Malaysia in May 2019 began sending back 60 containers of imported trash to the U.S. and other countries, complaining it had become a dumping ground for rich countries. The containers were meant to contain plastic scrap but were contaminated with other items such as cables and electronic waste. A government spokeswoman said more containers will be returned as Malaysia ramps up inspections.

Japan, which historically sent most of its plastic exports to China, had been redirecting trash to Malaysia, Thailand and Vietnam after China’s ban. But when those countries began turning dirty recycling away, Japanese collectors started stockpiling, in hopes a new market would arise. Over the past year, Japan has amassed 500,000 tons of plastic waste, according to Hiroaki Kaneko, deputy director of recycling at the environment ministry. Japan, the second-biggest exporter of plastic waste behind the U.S., is trying to stimulate domestic processing by earmarking billions of yen to subsidize plastic recycling machinery for private companies.

The U.K. is burning more of its trash, including dirty or low-value recycling. Attitudes toward incineration vary greatly by country. In the U.S., where space is plentiful, it has long been cheaper to send materials to landfills, and incineration has remained unpopular. Across much of Europe, by contrast, trash burned for energy has been popular for years. ….“The China ban has highlighted that we can no longer export our problem,” said managing director Bill Swan. Paper Round’s buyers have much higher standards now, he said, such as checking moisture levels, which can decrease the quality of paper.

Excerpts from Saabira Chaudhuri, Recycling Rethink: What to Do With Trash Now That China Won’t Take It, WSJ, Dec. 21, 2019

When Plastic Reached the Himalayas: India’s War on Single-Use Plastics

The daily plastic waste generated by the average Indian—while much lower than the average American—climbed 69% between 2015 and 2018, according to government estimates. Across the country, dumps are overflowing and drains are clogging with plastic, while cows—considered sacred—are getting sick after eating packaging….To get a grip, India has instituted some of the world’s strictest rules on single-use plastic, forcing companies to collect packaging that is often left as litter.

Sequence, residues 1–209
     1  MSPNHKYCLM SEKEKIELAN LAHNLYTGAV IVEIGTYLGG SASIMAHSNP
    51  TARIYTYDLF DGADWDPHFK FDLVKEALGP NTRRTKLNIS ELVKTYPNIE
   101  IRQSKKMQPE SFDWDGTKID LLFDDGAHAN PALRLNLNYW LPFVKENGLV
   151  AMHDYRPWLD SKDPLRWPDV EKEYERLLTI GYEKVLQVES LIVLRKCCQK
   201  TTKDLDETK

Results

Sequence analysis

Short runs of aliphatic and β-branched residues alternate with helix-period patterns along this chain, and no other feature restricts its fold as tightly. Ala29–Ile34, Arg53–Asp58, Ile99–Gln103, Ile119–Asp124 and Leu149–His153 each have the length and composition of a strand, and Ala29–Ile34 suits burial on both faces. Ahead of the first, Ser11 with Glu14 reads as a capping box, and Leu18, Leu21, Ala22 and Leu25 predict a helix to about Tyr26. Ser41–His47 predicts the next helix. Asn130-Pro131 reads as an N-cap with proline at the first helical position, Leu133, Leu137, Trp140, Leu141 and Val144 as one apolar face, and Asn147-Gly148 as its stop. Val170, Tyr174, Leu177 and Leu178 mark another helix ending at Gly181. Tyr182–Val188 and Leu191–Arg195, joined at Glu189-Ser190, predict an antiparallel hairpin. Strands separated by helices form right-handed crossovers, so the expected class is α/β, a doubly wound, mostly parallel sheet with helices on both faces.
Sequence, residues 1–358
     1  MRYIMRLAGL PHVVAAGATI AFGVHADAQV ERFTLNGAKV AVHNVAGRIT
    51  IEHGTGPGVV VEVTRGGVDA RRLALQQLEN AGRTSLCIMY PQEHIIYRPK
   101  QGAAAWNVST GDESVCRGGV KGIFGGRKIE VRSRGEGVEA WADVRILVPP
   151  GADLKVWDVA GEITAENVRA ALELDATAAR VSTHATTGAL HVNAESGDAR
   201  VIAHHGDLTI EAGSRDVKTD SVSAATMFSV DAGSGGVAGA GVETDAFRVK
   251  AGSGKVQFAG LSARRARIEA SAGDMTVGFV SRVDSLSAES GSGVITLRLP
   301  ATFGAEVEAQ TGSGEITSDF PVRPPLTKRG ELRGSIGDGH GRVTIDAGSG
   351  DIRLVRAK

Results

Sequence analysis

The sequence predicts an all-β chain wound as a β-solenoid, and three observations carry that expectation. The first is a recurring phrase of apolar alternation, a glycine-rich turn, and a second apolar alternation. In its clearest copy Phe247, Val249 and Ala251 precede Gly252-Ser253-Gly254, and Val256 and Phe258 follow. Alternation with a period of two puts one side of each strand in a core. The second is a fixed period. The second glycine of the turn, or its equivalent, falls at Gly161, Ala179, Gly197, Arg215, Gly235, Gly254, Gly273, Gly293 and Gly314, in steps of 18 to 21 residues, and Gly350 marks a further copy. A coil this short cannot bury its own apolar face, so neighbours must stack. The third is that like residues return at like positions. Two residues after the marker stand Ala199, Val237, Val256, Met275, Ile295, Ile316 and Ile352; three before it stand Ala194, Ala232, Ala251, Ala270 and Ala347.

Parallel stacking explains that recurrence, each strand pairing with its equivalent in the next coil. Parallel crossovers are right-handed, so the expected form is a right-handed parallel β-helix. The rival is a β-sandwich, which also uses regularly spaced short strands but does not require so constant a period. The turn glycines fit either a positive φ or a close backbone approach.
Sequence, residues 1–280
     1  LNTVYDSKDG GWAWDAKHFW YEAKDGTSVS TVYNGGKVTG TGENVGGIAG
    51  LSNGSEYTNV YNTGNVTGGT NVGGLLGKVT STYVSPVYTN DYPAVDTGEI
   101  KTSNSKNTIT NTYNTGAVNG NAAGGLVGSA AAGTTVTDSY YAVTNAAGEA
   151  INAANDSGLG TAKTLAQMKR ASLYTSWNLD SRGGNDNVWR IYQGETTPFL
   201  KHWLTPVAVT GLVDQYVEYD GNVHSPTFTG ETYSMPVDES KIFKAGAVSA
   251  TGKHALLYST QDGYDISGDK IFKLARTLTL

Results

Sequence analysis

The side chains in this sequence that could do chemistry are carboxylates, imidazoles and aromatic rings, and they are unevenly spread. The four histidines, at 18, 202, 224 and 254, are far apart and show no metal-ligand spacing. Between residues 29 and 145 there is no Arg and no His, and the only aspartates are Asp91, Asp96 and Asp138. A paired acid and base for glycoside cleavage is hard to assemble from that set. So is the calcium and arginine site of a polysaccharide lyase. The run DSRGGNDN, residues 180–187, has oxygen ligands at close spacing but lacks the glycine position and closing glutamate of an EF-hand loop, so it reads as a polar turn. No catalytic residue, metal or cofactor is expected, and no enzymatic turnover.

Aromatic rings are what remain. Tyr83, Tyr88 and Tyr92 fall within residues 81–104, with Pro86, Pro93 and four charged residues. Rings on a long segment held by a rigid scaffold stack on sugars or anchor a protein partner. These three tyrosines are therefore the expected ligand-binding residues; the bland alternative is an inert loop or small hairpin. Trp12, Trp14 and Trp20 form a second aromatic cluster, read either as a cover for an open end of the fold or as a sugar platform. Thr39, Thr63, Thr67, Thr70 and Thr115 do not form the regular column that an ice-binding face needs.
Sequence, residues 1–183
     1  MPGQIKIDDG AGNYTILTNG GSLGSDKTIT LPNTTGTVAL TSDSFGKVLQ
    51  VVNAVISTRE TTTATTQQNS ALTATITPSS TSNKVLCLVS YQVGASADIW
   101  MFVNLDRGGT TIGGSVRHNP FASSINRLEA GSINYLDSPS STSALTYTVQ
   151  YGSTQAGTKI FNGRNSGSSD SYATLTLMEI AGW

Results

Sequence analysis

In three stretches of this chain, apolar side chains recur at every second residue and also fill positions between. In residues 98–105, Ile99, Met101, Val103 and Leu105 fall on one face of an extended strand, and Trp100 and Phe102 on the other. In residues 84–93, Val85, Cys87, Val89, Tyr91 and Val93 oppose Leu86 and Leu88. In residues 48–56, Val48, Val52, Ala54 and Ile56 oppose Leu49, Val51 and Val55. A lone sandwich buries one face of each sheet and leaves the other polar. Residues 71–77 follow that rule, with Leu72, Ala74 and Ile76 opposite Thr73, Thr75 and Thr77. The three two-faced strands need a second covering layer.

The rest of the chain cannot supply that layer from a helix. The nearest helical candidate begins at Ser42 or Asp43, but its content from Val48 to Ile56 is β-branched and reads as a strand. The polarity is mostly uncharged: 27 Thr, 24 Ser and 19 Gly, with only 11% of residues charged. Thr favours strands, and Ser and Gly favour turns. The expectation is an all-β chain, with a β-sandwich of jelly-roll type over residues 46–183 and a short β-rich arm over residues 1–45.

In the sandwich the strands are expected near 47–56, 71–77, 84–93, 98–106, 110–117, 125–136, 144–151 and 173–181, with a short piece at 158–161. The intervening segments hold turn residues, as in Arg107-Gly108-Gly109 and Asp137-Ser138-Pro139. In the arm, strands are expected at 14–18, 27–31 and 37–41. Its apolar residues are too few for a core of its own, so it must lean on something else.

Nonrecyclable packaging is a problem globally, but particularly acute in countries with poor waste management. Many Indian households lack regular collection services so they burn trash or dump it on the side of the road. Much of the waste ends up in waterways. Of plastic found in the world’s oceans, 90% is traced to 10 rivers, according to a 2017 study published in the journal Environmental Science & Technology. Eight of the rivers are in Asia and two flow through India.

Single-Serve Pouches

In emerging markets, products like shampoo and detergent are often sold in single-serve pouches similar to the ketchup packets that come with an order of fries. The resilient “multilayer” pouches protect against extreme temperatures and contamination, and, most important, are affordable for poor consumers. Single-serve packets make up over 80% of shampoo sales in India, Indonesia and the Philippines, according to Euromonitor….This type of packaging combines different types of plastic with materials like aluminum. That makes it nonrecyclable and of no interest to India’s waste pickers who trawl through trash looking for recyclables to sell.  Three years ago, India’s government said it would ban multilayer packaging by 2018, setting off alarm bells through the industry…

A consortium—including Nestlé, Pepsi and Mentos-maker Perfetti Van Melle SpA—tried for months to develop a recyclable alternative. After little success, they decided on a different approach.  Through street plays and workshops, the companies trained 1,500 waste pickers across eight cities to identify and collect multilayer packaging, paying them for what they brought in.  The pilot program amassed 680 metric tons of material in three months. In March 2018, New Delhi changed the law to allow the sale of multilayer packaging. The caveat is that companies must collect back the equivalent volume of what they sell and find other uses for it, like sending it to cement plants as fuel…

Despite such efforts, some government officials have accused companies of moving too slowly. E. Ravendiran of the Maharashtra Pollution Control Board says companies only swung into action after being threatened with bans or having to pay a deposit on multilayer packaging sold. Executives say the target of collecting 100% of multilayer plastic by 2020 is unrealistic and that details on how the rule will be implemented are scarce.

Hassan, a former waste picker who manages a small team of waste collectors in Bangalore, says pickers aren’t financially motivated to bend down hundreds of times to collect a kilogram of multilayer plastic from piles of mixed waste or just off the street. Saahas pays him 27 rupees (around 39 U.S. cents) for one kilogram of plastic bottles, compared with just 4 rupees for one kilogram of multilayer packaging, which is much harder to collect.

Excerpts,  Saabira Chaudhu India Saddles Consumer-Goods Makers With Fixing Plastic Trash Problem, WSJ, July 5, 2019